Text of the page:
The Devil's Dictionary is a satirical "reference" book written by Ambrose Bierce. The book offers reinterpretations of terms in the English language, lampooning cant and political doublespeak, as well as other aspects of human foolishness and frailty. It was originally published in 1906 as The Cynic's Word Book before being retitled in 1911. Modern "unabridged" versions that include Bierce "definitions" that were for various reasons missed by earlier editions continue to be popular a century later.
ARCHITECT, n. One who drafts a plan of your house, and plans a draft of your money.
GARGOYLE, n. A rain-spout projecting from the eaves of mediaeval buildings, commonly fashioned into a grotesque caricature of some personal enemy of the architect or owner of the building. This was especially the case in churches and ecclesiastical structures generally, in which the gargoyles presented a perfect rogues' gallery of local heretics and controversialists. Sometimes when a new dean and chapter were installed the old gargoyles were removed and others substituted having a closer relation to the private animosities of the new incumbents.
ART, n. This word has no definition. Its origin is related as follows by the ingenious Father Gassalasca Jape, S.J.
One day a wag—what would the wretch be at?— Shifted a letter of the cipher RAT, And said it was a god's name! Straight arose Fantastic priests and postulants (with shows, And mysteries, and mummeries, and hymns, And disputations dire that lamed their limbs) To serve his temple and maintain the fires, Expound the law, manipulate the wires. Amazed, the populace that rites attend, Believe whate'er they cannot comprehend, And, inly edified to learn that two Half-hairs joined so and so (as Art can do) Have sweeter values and a grace more fit Than Nature's hairs that never have been split, Bring cates and wines for sacrificial feasts, And sell their garments to support the priests.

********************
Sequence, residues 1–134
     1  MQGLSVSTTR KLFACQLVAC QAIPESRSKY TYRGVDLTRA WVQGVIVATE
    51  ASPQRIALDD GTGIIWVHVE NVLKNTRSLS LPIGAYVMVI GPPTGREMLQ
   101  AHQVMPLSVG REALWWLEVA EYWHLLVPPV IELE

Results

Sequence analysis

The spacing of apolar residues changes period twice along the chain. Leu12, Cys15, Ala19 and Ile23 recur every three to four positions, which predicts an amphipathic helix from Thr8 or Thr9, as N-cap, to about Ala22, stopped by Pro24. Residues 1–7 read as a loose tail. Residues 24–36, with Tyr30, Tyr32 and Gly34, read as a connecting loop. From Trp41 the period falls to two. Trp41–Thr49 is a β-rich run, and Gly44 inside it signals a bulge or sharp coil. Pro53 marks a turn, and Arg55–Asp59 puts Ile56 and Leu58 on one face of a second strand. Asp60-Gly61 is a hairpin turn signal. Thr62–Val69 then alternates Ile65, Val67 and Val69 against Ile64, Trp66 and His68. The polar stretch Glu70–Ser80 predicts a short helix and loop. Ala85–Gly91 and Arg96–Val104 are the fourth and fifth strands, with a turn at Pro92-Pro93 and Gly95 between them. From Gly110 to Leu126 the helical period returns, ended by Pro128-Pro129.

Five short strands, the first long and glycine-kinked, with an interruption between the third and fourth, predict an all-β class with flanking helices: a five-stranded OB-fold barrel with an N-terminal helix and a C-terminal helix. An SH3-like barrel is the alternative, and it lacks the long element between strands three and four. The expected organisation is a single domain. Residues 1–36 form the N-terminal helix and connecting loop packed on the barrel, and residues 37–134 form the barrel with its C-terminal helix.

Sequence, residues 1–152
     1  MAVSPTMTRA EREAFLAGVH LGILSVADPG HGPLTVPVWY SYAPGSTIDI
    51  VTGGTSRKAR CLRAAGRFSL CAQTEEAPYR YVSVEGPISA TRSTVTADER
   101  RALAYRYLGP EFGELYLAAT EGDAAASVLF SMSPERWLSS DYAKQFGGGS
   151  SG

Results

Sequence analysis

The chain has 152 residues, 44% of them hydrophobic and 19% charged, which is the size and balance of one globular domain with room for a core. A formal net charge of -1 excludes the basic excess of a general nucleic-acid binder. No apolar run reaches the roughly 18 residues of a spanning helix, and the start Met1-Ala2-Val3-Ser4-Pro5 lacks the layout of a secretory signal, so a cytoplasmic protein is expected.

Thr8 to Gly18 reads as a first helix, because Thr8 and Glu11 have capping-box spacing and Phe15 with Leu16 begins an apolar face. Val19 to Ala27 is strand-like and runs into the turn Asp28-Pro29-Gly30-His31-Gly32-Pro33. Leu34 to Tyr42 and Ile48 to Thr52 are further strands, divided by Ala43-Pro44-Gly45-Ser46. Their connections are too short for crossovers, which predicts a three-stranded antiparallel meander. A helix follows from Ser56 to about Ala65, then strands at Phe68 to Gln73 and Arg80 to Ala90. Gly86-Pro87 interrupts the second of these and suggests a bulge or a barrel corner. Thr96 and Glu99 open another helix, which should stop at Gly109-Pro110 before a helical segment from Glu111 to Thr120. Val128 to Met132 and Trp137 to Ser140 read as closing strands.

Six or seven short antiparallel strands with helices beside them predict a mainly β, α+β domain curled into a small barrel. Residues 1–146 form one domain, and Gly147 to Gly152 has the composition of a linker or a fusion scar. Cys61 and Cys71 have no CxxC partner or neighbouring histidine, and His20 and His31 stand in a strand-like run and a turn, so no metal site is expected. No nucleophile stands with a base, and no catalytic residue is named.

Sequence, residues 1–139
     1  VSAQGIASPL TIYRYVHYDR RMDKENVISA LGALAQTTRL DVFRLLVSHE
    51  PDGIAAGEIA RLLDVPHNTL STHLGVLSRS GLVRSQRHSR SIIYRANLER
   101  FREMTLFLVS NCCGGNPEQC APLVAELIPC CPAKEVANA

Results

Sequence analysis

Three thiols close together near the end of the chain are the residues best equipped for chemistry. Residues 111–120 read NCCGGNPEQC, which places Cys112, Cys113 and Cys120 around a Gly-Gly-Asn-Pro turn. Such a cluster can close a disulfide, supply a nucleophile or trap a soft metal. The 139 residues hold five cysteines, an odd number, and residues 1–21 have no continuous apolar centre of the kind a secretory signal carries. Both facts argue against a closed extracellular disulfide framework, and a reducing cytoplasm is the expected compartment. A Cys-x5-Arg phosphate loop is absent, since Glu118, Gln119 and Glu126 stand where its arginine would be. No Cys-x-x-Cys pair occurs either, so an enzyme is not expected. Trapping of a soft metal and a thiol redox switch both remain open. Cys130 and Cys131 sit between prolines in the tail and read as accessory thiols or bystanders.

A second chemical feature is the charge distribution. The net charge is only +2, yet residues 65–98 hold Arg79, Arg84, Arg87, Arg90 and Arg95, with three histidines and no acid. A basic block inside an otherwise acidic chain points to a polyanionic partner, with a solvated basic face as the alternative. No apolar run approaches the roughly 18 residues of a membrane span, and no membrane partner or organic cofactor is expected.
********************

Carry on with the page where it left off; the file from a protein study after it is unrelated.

BATH, n. A kind of mystic ceremony substituted for religious worship, with what spiritual efficacy has not been determined.
The man who taketh a steam bath He loseth all the skin he hath, And, for he's boiled a brilliant red, Thinketh to cleanliness he's wed, Forgetting that his lungs he's soiling With dirty vapors of the boiling.
GEOGRAPHER, n. A chap who can tell you offhand the difference between the outside of the world and the inside. Habeam, geographer of wide reknown, Native of Abu-Keber's ancient town, In passing thence along the river Zam To the adjacent village of Xelam, Bewildered by the multitude of roads, Got lost, lived long on migratory toads, Then from exposure miserably died, And grateful travelers bewailed their guide. Henry Haukhorn
HOUSE, n. A hollow edifice erected for the habitation of man, rat, mouse, beetle, cockroach, fly, mosquito, flea, bacillus and microbe. House of Correction, a place of reward for political and personal service, and for the detention of offenders and appropriations. House of God, a building with a steeple and a mortgage on it. House-dog, a pestilent beast kept on domestic premises to insult persons passing by and appal the hardy visitor. House-maid, a youngerly person of the opposing sex employed to be variously disagreeable and ingeniously unclean in the station in which it has pleased God to place her.
HOUSELESS, adj. Having paid all taxes on household goods.
LECTURER, n. One with his hand in your pocket, his tongue in your ear and his faith in your patience.
OUT-OF-DOORS, n. That part of one's environment upon which no government has been able to collect taxes. Chiefly useful to inspire poets.
PAINTING, n. The art of protecting flat surfaces from the weather and exposing them to the critic. Formerly, painting and sculpture were combined in the same work: the ancients painted their statues. The only present alliance between the two arts is that the modern painter chisels his patrons.
New York. Its commonest expression is heard in the words, "I beg your pardon," and it is not consistent with disregard of the rights of others.
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